History

Robert Ballard found the Titanic. Can he find Amelia Earhart’s airplane?

Ocean explorer Robert Ballard will lead a major expedition to the remote Pacific in hopes of discovering the famed aviator's fate.Wednesday, July 24, 2019

By Rachel Hartigan Shea
<p>Best known for his 1985 discovery of the <i>Titanic</i>, Robert Ballard will bring his proven undersea search strategy and high-tech research vessel, E/V <i>Nautilus, </i>to the hunt for Amelia Earhart.</p>

Amelia Earhart and navigator Fred Noonan disappeared more than 80 years ago, on July 2, 1937, during the second to last leg of their around-the-world flight. After taking off from Lae, New Guinea, in Earhart’s Lockheed Electra 10E, the pair aimed for tiny Howland Island, just north of the Equator. But they couldn’t find it, and despite many attempts, no one has been able to find them.

Now Robert Ballard, the man who found the Titanic, is planning to search for signs of the missing aviators. On August 7, he'll depart from Samoa for Nikumaroro, an uninhabited island that’s part of the Micronesian nation of Kiribati. The expedition will be filmed by National Geographic for a two-hour documentary airing October 20.

The National Geographic Explorer at Large brings a state-of-the-art research vessel, the E/V Nautilus, and extensive underwater expertise to this historic search. In addition to locating the Titanic, Ballard discovered the remains of John F. Kennedy's World War II patrol boat in the Solomon Sea, the German battleship Bismarck in the Atlantic, and many ancient ships in the Black Sea, as well as hydrothermal vents near the Galapagos.

People have been looking for Earhart ever since she went missing. The U.S. Coast Guard and Navy scoured the area by ship and plane for two weeks. George Putnam, Earhart’s husband, enlisted civilian mariners to continue the hunt. Eventually the U.S. government declared that the plane had most likely crashed and sunk into the Pacific.

Earhart hoped to cap her career in 1937 by becoming the first woman to fly around the world. She disappeared somewhere over the Pacific, spawning multiple theories about her fate.

Nevertheless, theories about what happened to Earhart have abounded, including that she was captured and executed by the Japanese or even that she survived in obscurity as a housewife in New Jersey. Over the years, enthusiasts have searched for signs of Earhart or her plane in the Marshall Islands, on Saipan, and deep underwater.

One prevailing theory, proposed by The International Group for Historic Aircraft Recovery (TIGHAR), is that Earhart and Noonan landed on Nikumaroro. The coral atoll is located 350 nautical miles southwest of Howland, near the line of flight (157 NW 337 SE) that Earhart identified in her last confirmed radio message. The island features a flat reef where Earhart could have landed the Electra during low tide.

TIGHAR has sent 13 expeditions to the island, including one with National Geographic that brought forensic dogs to search for Earhart’s remains. The dogs homed in on an apparent campsite where a human may have died and decomposed long ago. No bones were found, but soil samples were collected and DNA testing is ongoing.

“I fervently hope the expedition is successful,” says Ric Gillespie, TIGHAR’s executive director. He considers the Nikumaroro hypothesis long since proven. But, he says, “the public wants a piece of plane.”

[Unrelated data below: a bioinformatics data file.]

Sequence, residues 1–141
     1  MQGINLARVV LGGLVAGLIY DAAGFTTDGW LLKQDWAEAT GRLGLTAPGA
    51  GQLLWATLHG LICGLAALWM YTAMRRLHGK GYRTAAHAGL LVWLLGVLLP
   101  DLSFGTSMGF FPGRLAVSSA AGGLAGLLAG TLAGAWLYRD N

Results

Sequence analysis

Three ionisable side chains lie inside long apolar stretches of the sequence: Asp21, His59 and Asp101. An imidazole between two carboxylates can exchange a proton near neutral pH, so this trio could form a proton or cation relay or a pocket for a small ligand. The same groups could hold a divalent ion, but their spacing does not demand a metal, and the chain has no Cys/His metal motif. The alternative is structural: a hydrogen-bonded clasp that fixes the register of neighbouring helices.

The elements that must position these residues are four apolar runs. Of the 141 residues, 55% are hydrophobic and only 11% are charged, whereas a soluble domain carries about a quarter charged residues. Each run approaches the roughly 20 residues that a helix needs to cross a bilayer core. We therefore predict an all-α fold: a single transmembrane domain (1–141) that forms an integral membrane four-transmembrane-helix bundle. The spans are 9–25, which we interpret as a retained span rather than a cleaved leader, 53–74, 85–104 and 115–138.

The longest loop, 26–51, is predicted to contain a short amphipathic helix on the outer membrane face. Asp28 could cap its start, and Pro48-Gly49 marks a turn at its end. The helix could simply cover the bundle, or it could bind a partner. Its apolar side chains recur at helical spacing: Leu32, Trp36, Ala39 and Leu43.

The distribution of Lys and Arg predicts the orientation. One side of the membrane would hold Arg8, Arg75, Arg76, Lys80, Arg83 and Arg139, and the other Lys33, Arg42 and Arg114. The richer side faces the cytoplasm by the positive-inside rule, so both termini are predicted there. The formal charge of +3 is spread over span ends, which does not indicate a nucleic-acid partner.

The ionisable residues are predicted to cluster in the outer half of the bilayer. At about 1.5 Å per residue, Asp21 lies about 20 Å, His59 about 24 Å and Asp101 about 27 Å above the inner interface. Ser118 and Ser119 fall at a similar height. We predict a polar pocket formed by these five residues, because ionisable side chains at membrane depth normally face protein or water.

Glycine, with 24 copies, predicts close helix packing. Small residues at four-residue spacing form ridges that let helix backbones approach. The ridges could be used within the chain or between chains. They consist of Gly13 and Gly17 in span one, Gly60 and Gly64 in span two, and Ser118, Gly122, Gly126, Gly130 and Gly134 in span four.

Two strands of evidence compiled by TIGHAR convinced Ballard that Nikumaroro is the most promising place to look. A photograph of the island from October 1937 shows a blurry shape that could have been part of the Electra’s landing gear. And radio messages logged in the days after Earhart disappeared suggest that she ended up a castaway on Nikumaroro. 

All previous attempts to find evidence of Earhart’s fate have proven inconclusive, but Ballard is undeterred.

“I’m a hunter—you have to become the prey that you’re hunting,” says the marine geologist and former Navy officer, who imagined himself facing Earhart’s choices. “I put myself in that cockpit, and I began becoming Amelia.”

Next month’s hunt will take place in the sea and on land. A team led by National Geographic Society archaeologist Fredrik Hiebert will comb specific sites on the island, while Ballard and Allison Fundis, Chief Operating Officer of the Ocean Exploration Trust, will oversee the underwater phase. Ballard's search strategy, honed over more than 150 deep-sea expeditions, calls for using sonar to map the ocean floor and deploying a variety of remotely operated vehicles, including one that can dive as deep as 13,000 feet.

“This is by far the most sophisticated underwater technology we’ve ever had,” says Tom King, an archaeologist who’s participated in many expeditions to Nikumaroro. “It’s going to be really interesting to apply Ballard’s technology.”

Still, the odds of finding conclusive evidence are long. Ballard himself describes the area he's targeting as a “very high energy encounter of the ocean with a living reef”—a place where an airplane would be quickly pulverised.

Over the course of his long, distinguished career—including recently being named to head NOAA’s Ocean Exploration Cooperative Institute—Ballard has often said he’s in the business of finding things. But the 77-year-old explorer seems a bit more philosophical about the upcoming expedition, which could be one of his last.

“Maybe some things shouldn’t be found,” he says. “We’ll see if Amelia is one of them.”

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